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Tuition equity hearts taken to the state capitol

Oregon Students of Color Coalition met at the capitol.
Photo Provided by The Oregon Student Association
Oregon Students of Color Coalition met at the capitol.

Red hearts signify Valentine’s Day, but this year they are also part of a UCC student campaign to raise support for the tuition equity bill, this year’s H.B. 2787, currently in the Oregon legislature. 

Students have been colorfully decorating the hearts at the Campus Center during the first two weeks of February in anticipation of the hearts being delivered to the state capitol in Salem on Feb. 13. 

If the tuition equity bill passes, undocumented students will pay in-state tuition rates at all public Oregon universities. Currently, undocumented students have to pay out-of-state tuition rates, even if they have received their entire K-12 education in Oregon schools.

An undocumented student is defined as student who was born in another country and lacks the necessary documentation to establish their immigration status.

Many undocumented students did not come to this country on their own; they were brought here by their parents.  UCC mathematics major, Miguel Rodriguez, was four years old when he came to the U.S. from Mexico.  He was raised in this country, went through grades K-12 in the public school system and considers America his home. 

Rodriguez is now in his second year at UCC and has found it difficult to continue his education.  “I could not apply for financial aid,” said Rodriguez.  His family has had to pay all his educational expenses out-of-pocket.   

Rodriguez has been working toward establishing his residency, but says, “it is not an easy process.”  “It can take years to get through it.”

Supporters of H.B. 2787 say the current policy hurts the state as well as students.  “The State of Oregon invests a great deal in undocumented students in the K-12 system,” said Freddy Gompf, ASUCC vice president.  “But because of the exorbitant out-of-state tuition rates, Oregon’s initial investment is lost.  The tuition equity bill would enable undocumented students to get degrees qualifying them for higher paying jobs, thus adding more tax revenue to the Oregon state budget.”

Supporters believe Oregon’s economy would benefit in other ways as well.  “Allowing undocumented workers to pay the lower rate would increase revenue collected by Oregon’s public universities,” Gompf said.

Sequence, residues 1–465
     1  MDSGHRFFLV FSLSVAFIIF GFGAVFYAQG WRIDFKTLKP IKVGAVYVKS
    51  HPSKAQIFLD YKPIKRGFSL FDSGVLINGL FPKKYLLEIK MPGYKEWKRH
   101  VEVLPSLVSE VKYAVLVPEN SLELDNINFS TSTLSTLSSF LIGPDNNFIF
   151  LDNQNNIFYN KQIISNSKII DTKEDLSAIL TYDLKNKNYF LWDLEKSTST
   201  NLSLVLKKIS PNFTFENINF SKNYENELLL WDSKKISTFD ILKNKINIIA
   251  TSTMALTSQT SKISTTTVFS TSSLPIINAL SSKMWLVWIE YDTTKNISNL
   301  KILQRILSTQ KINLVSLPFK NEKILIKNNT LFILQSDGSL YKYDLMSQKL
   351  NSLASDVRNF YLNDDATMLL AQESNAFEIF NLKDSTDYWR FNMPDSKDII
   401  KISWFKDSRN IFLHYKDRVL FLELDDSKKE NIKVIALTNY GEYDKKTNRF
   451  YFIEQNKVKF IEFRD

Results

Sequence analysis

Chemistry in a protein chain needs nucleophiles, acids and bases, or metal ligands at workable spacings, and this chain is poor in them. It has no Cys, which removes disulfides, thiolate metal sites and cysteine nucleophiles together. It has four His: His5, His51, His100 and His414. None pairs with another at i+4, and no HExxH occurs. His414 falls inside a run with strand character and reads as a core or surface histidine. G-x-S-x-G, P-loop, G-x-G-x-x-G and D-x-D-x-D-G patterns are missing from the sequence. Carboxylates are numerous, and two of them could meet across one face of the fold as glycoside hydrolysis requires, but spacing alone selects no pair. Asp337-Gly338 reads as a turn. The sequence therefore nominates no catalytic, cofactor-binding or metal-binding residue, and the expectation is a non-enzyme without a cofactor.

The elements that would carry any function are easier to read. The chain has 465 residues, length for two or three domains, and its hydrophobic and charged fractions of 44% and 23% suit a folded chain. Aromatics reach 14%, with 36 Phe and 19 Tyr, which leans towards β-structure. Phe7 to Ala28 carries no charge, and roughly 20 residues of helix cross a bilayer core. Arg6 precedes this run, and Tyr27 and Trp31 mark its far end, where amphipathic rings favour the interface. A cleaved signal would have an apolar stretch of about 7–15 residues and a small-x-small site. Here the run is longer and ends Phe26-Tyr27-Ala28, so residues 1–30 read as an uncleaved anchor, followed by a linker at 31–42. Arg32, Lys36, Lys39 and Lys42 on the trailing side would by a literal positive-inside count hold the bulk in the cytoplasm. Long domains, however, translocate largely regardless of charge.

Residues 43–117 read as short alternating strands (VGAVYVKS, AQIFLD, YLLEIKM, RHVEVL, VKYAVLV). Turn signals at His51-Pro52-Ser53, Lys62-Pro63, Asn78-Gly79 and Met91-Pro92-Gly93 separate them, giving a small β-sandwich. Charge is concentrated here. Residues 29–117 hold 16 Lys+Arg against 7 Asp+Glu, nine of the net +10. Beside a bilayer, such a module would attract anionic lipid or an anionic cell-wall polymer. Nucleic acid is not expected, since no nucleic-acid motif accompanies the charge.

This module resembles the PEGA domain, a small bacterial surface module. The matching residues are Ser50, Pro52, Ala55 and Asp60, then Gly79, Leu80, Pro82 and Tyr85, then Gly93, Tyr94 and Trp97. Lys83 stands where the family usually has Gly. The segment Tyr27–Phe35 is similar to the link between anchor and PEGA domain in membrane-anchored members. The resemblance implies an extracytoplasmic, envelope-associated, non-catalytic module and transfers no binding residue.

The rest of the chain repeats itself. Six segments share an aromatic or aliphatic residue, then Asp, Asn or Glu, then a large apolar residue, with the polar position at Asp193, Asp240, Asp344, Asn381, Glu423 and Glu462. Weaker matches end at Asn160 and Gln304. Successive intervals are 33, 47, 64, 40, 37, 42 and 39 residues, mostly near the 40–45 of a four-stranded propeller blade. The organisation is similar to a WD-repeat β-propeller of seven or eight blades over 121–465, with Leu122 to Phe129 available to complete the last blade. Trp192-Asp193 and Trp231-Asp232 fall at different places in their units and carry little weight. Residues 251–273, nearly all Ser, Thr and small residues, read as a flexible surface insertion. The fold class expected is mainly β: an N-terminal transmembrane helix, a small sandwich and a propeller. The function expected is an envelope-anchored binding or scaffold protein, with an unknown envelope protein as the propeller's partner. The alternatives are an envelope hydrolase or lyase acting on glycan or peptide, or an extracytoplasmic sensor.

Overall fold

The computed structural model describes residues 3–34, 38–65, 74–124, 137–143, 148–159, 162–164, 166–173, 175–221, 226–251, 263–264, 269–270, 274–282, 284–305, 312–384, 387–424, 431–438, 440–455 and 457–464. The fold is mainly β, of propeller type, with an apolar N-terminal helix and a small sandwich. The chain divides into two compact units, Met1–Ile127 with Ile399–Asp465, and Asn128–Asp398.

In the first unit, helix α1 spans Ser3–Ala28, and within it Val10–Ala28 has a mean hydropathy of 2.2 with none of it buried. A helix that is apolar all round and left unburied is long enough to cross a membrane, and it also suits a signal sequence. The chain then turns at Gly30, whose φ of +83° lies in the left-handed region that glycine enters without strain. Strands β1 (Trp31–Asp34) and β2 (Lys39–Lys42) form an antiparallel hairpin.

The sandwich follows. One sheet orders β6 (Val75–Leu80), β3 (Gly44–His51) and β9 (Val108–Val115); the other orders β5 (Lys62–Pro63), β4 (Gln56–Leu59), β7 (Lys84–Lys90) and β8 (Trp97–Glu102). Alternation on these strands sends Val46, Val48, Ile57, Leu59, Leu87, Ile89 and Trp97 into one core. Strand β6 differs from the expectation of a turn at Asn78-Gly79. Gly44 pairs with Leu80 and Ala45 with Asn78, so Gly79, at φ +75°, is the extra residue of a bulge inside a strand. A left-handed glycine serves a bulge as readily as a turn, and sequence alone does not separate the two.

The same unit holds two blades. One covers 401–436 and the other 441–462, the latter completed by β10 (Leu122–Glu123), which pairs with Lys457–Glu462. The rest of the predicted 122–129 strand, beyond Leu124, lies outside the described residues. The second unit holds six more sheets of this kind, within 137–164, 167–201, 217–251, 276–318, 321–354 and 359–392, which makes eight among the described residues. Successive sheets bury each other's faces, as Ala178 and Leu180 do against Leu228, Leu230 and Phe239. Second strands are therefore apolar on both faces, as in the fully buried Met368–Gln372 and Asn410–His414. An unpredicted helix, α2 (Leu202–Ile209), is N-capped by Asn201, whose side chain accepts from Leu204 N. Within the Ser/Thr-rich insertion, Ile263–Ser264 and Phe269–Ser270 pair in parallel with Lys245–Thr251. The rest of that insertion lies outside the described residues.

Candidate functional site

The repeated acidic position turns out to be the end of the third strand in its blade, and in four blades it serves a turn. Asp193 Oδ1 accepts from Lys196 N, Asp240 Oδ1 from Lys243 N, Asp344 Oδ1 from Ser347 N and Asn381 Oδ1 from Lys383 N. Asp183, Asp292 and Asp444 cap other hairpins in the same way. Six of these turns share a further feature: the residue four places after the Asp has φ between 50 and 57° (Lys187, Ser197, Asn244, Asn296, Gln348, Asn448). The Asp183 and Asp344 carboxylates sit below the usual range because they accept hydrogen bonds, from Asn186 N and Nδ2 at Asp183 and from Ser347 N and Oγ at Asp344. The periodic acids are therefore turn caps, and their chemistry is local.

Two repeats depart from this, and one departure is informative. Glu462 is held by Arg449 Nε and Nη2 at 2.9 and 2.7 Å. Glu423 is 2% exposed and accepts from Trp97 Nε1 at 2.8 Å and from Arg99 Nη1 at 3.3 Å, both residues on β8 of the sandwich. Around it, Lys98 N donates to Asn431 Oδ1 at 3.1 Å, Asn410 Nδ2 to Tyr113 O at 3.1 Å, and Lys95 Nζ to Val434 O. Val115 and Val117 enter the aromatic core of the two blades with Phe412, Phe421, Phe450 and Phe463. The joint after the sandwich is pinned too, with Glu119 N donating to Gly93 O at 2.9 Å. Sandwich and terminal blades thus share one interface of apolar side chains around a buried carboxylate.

A public hearing on the tuition equity bill was held Feb. 13 at the state capitol.  Gompf, who also sits on the board of the Oregon Community College Student Association, attended the hearing along with ASUCC senator Sarah Meyer.  They also had the opportunity to meet with staffers from Representative Bruce Hanna’s office. 

The hearing opened to a packed house.  “Approx. 300 students and coalition members were in attendance,” Gompf said.

The hearing lasted two hours with citizens testifying both in support and opposition to the bill.  Gompf pointed out that “most were in support of tuition equity including the president of the U of O who represented the presidents of all seven public universities.” 

The bill carries with it certain stipulations.  Undocumented students are required to meet the following criteria:

  • attended a school in the U.S. for at least five years
  • studied at an Oregon high school for at least three years
  • graduated from an Oregon high school and filed an affidavit with an Oregon university indicating they have applied for citizenship or will apply as soon as eligible.

One issue with the bill is that it’s not clear how students are to demonstrate they are working toward citizenship.  Fear of deportation was also an issue in court cases this fall regarding college tuition and undocumented citizens.

Opponents of tuition equity feel that people who are here illegally should not be given the same benefits as citizens born in the United States.

At a morning press conference on Feb. 11, Governor Kitzhaber publicly announced his support of the bill calling it a “long, overdue policy change.”  At least three Oregon representatives and several business leaders joined with the governor in expressing their support.

For more information, go to Oregon Student Association at www.orstudents.org.